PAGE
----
Nawaz Sharif will become Pakistan’s Prime Minister for the third time following that country’s elections over the weekend.
Sharif served as PM from 1990 to 1993 and again from 1997 to 1999. His second stint in office was cut short by Pervez Musharraf, who was his top general. Sharif spent many years in exile in Saudi Arabia before returning to Pakistan in 2007. Now the roles are reversed. Sharif is headed back to power while Musharraf is under house arrest.
It appears that Sharif will get a majority in Pakistan’s National Assembly. Should that fall through, he could broker a deal with cricket legend Imran Khan who finished second in election. However, Khan was seriously injured during a rally four days before the election when he and three others fell off a makeshift lift as they were being raised to the stage. Khan was hospitalized with head injuries but is in stable condition.
This election was historic for two reasons. First, it marks the first time that consecutive elections have taken place without military intervention. Second, Pakistan will see a transfer of power from one party to another (Bilawal Bhutto’s Pakistan People’s Party (PPP) to Sharif’s Pakistan Muslim League-N (PML-N)). The only question remains if it will be a peaceful transfer of power.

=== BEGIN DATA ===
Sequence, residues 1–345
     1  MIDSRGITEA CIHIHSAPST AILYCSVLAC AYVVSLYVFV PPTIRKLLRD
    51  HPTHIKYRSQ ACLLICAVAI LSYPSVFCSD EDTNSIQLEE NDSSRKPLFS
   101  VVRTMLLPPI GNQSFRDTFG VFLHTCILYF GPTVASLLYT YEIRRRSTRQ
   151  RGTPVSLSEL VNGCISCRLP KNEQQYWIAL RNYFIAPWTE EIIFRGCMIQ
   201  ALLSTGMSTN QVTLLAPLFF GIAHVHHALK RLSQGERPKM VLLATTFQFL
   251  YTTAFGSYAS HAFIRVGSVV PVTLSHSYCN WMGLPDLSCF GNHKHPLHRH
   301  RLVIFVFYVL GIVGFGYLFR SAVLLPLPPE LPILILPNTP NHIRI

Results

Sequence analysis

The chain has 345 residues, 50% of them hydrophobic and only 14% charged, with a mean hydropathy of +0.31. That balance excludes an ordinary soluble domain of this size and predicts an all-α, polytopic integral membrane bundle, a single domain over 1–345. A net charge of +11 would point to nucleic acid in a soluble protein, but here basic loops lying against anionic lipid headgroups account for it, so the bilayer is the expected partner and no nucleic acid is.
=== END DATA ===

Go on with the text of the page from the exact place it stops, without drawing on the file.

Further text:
The PPP, which won the 2008 election, lost nearly 100 seats in the Pakistan National Assembly and Bhutto spent much of the election campaign in Dubai. The PPP lost popularity due to corruption and an inability to deliver government services. Being corrupt and incompetent is a fairly lethal combination to a party seeking re-election.
Yet the PPP’s poor performance could also be attributed to violence directed against it and other secularist leaning parties by the Taliban. While the Taliban targeted the PPP and other secularist leaning parties they left the PML-N and Khan’s Pakistan Movement for Justice alone. With Sharif back in power and Khan the leading opposition figure, the question is will Sharif and Khan give the Taliban carte blanc in exchange for having left their parties alone during the election. Sharif and Khan might also believe they would be in a better position to get the Taliban to the negotiating table.
Sharif did make a genuine effort to better relations with India during his stints in power in the ’90s but was thwarted by the military. My guess is that Sharif will not be eager to upset the military this time around.
Although Sharif was full of anti-American rhetoric during the campaign, he did have a cordial relationship with the first Bush Administration and with the Clinton Administration. Like most Pakistani politicians, Sharif is duplicitous telling Washington one thing while telling his followers in Lahore another thing. Of course, even if Sharif wanted to fully co-operate with the U.S., Pakistan’s military would stand in its way.
In the final analysis, not much will change. There will still be corruption and violence. Sharif will govern Pakistan no more competently than the Bhuttos. Meanwhile, Pakistan will still be an ally of the U.S., but not a very dependable one.
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